The 21-gene Recurrence Score (RS) assay is only reimbursed in Ontario for node-negative and micrometastatic node-positive (N+) early-stage breast cancer (EBC). We carried out a prospective study to evaluate the impact of the assay on treatment decisions for women with N+ EBC.
Subjects, Materials, and Methods
Women with estrogen receptor-positive, human epidermal growth receptor 2-negative EBC and one to three positive axillary lymph nodes, who were candidates for adjuvant chemotherapy in addition to hormonal treatment, but in whom the benefit of chemotherapy was uncertain, were eligible. The primary objective was to characterize how the results of the RS assay affected physicians’ recommendations for adjuvant chemotherapy. Secondary objectives were to characterize changes in the physicians’ and patients’ level of confidence in treatment recommendations, to determine whether the results of the RS assay affected patients’ treatment preferences, and to determine the final treatment administered.
Seventy-two patients were recruited; the mean age was 61. RS was <18 in 55%, between 18 and 30 in 36%, and ≥31 in 9% of patients. Treatment recommendations changed in 36% of all evaluable patients. The most significant change was in the group with a low RS. Physicians’ and patients’ confidence in treatment recommendations increased in 49% and 54% of cases, respectively. Upfront chemotherapy was recommended to 79% of patients before the assay; 42% ultimately received chemotherapy.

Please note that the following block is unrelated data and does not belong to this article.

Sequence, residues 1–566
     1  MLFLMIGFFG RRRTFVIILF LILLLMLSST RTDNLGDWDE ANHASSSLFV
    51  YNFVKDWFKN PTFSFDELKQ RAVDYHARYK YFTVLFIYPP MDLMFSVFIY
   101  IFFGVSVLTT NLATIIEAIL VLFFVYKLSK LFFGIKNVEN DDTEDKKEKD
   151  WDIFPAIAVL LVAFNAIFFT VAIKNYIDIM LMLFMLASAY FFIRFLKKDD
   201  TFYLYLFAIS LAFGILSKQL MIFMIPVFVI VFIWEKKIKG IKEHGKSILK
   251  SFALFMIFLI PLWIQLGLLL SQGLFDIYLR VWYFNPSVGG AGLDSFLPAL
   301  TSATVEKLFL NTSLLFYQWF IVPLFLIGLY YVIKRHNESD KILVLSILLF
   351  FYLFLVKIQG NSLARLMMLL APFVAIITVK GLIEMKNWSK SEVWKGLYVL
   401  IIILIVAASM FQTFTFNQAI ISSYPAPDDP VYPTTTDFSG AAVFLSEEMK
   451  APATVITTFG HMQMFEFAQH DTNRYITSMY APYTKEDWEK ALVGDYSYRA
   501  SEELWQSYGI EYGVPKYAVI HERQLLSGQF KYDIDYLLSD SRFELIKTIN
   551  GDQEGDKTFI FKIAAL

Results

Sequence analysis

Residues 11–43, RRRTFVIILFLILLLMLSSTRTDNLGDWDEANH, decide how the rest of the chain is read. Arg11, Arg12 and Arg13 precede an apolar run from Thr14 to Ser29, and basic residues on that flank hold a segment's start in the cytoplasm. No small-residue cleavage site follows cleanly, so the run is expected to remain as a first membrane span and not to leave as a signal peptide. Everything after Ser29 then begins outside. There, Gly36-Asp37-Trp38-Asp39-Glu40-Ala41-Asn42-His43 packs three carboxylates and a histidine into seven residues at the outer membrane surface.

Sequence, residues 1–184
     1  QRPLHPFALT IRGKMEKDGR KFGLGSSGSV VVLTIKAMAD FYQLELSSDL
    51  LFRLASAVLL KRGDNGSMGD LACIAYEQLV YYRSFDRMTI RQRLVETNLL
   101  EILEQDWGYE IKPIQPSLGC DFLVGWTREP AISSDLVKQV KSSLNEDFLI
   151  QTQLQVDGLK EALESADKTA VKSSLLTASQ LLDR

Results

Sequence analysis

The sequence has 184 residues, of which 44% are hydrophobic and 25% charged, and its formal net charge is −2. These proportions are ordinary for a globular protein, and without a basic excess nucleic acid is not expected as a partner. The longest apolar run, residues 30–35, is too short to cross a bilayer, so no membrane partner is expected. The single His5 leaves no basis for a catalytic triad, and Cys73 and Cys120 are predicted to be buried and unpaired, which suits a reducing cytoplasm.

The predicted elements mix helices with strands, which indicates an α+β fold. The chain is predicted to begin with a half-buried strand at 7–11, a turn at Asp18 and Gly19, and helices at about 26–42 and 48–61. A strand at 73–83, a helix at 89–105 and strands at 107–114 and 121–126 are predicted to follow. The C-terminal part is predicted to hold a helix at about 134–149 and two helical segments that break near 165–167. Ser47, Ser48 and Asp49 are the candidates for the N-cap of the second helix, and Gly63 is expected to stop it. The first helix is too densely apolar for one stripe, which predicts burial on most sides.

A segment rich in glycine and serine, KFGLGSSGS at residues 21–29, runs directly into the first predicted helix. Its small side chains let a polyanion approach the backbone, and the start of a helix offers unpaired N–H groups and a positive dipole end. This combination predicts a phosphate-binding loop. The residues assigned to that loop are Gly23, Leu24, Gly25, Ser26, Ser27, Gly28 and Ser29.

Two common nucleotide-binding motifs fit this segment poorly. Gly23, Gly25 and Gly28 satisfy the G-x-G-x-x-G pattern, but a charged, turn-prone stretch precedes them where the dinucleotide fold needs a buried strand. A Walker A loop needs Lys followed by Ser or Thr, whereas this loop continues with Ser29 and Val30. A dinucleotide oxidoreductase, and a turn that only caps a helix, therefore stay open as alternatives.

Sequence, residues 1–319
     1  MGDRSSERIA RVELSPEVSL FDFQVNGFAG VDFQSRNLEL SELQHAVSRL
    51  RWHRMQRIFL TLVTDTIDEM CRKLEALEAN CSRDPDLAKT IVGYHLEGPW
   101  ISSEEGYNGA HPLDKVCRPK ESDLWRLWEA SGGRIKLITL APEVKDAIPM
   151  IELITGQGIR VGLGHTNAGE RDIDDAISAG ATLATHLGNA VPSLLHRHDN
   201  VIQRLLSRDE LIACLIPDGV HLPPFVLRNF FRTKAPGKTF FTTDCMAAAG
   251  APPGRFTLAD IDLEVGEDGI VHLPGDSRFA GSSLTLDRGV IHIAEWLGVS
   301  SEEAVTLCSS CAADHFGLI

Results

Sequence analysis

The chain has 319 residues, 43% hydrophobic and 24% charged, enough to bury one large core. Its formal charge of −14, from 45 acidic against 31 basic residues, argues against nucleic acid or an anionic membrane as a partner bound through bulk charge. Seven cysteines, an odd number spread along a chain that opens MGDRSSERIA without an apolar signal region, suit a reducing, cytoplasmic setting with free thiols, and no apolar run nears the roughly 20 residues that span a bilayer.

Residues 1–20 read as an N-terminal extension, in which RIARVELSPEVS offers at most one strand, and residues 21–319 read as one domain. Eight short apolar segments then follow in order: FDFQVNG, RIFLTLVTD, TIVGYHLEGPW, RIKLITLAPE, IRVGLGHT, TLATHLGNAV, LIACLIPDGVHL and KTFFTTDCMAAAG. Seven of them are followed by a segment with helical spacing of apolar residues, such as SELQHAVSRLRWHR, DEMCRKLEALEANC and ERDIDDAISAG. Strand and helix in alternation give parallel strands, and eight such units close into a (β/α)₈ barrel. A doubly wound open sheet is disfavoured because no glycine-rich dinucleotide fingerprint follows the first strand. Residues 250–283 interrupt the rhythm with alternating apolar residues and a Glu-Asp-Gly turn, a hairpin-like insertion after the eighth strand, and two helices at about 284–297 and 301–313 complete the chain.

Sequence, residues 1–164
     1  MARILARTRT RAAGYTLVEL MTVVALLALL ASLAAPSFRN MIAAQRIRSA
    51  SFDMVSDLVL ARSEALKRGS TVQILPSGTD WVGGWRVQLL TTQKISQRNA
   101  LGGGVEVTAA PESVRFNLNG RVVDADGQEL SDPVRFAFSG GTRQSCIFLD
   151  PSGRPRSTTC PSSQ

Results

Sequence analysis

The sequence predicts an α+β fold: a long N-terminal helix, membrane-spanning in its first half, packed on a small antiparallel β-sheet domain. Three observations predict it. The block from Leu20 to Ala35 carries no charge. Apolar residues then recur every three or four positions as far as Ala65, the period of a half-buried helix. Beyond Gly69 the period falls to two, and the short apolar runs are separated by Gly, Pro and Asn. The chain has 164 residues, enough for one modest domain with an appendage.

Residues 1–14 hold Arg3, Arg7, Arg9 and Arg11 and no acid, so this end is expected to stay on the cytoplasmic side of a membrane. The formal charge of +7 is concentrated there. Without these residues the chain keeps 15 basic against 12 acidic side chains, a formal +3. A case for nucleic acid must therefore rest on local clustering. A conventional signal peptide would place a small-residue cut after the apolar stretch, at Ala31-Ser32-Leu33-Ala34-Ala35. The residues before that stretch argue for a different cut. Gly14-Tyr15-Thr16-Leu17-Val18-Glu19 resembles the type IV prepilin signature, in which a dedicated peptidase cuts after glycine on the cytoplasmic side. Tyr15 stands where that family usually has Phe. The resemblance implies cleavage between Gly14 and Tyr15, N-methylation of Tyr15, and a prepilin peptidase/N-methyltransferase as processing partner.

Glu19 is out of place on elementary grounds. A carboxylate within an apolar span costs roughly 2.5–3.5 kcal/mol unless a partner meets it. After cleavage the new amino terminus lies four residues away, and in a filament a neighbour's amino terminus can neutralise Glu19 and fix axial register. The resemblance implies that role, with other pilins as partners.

The RS assay resulted in a substantial decrease in the number of patients who received chemotherapy and in an increase in physicians’ and patients’ confidence in the adjuvant treatment recommendations.
Implications for Practice
This is the first decision impact study to include exclusively women with ER-positive, HER2-negative, early-stage breast cancer with 1–3 positive lymph nodes, a population typically treated with adjuvant chemotherapy. This study provides evidence that, in these patients, the Oncotype Dx Recurrence Score assay influences systemic treatment decisions. Most of the changes in treatment recommendation resulted in withdrawal of chemotherapy or change in recommendation from a chemotherapy regimen with anthracyclines to a taxane-only regimen. If prospective studies confirm that these decisions result in good outcomes, a reduction in the use of chemotherapy might result in pharmacoeconomic savings.